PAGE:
Recognizing and Managing Lemon Tree Disease

Prized for their mouth-puckering, sunny-hued fruit and hauntingly fragrant white blooms, lemon trees (Citrus limon) are an iconic part of tropical and Mediterranean landscapes from Florida to California. With enough TLC, a single lemon tree can supply an entire household with a lifetime of lemonade. And a big part of caring for a lemon tree is in learning to recognize and manage outbreaks of these diseases.


Stopping Disease before It Starts

Diseases will be few and far between, as long as you provide your tree with:

  • Well draining soil or potting mix. Soggy soil invites root disease.
  • Eight or more hours of daily sun. This usually isn’t a problem where lemon trees grow outdoors in USDA plant hardiness zones 9 through 11. Put indoor trees in colder areas near a large south-facing windows.
  • Frost protection and shelter from hot, drying winds. Keep an indoor tree away from cold drafts and heating vents.
  • Regular watering a first-year tree two to three times weekly. Water an established one deeply and slowly once a week unless it rains. Water an indoor lemon when the potting mix feels very dry.
  • Regular applications of citrus fertilizer and trace minerals, starting when a young tree puts out its first new leaves.

Major Lemon Tree Diseases

Three of the four diseases most threatening to lemon trees are easily managed, but the fourth is deadly.


Sap-sucking aphids transmit the tristeza fungus to lemon trees as they feed. Tristeza symptoms include:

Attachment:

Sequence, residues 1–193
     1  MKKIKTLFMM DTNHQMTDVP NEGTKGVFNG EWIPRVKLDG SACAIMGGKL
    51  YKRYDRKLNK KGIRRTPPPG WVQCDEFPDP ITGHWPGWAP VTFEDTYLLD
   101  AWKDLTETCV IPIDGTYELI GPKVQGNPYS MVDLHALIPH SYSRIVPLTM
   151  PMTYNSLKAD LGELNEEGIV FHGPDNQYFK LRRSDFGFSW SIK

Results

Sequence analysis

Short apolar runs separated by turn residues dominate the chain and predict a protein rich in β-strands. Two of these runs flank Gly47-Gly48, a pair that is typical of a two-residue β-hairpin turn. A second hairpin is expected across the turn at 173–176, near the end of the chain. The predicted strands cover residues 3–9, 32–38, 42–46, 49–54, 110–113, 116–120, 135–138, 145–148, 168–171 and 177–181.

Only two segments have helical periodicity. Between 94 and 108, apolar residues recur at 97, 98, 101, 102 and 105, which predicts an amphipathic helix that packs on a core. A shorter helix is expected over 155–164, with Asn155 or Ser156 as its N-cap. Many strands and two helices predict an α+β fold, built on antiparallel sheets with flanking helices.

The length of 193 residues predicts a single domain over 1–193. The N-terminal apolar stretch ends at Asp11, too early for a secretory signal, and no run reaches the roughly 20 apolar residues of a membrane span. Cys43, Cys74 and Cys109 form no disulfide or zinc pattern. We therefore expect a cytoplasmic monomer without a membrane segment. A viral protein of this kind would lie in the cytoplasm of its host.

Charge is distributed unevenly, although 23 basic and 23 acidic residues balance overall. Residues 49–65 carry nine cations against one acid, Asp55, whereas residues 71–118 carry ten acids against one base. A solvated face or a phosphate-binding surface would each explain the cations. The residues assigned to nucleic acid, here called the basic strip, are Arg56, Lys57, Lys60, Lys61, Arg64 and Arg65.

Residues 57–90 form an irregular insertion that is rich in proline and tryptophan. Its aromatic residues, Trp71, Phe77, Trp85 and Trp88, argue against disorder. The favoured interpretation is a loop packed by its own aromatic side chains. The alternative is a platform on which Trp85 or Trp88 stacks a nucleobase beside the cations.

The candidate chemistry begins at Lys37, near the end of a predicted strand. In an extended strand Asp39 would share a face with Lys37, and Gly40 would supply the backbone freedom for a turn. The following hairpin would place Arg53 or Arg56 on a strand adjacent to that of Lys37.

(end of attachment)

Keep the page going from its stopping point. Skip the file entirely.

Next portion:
• Stunted growth
  • Declining fruit production
  • Yellowing leaves

Untreated trees often succumb to root rot. Check you trees daily for aphid colonies feeding on the leaves and new shoots. Saturate it with organic insecticidal soap at the first sign of an aphid infestation.

Foot Rot

Branches dying back, bark peeling at the soil line and black gum oozing from the lower trunk indicate a foot rot infection. Soggy roots are the culprits; well draining soil is the solution. Keeping mulch away from the trunk also helps.

Citrus Canker

Windy weather and unsanitary tools spread citrus canker. It surfaces as corky, yellow-margined spots on the new leaves and twigs. A severely infected lemon tree may temporarily defoliate. To prevent infection, apply organic copper fungicide spray with each flush of new growth.

Citrus Greening

Aphid-related citrus psyllids transmit this incurable condition. Deformed fruit, branch dieback and yellow-mottled leaves follow. An infected lemon tree serves as a reservoir of the greening bacteria. It must be completely removed, bagged and destroyed — including the entire root system.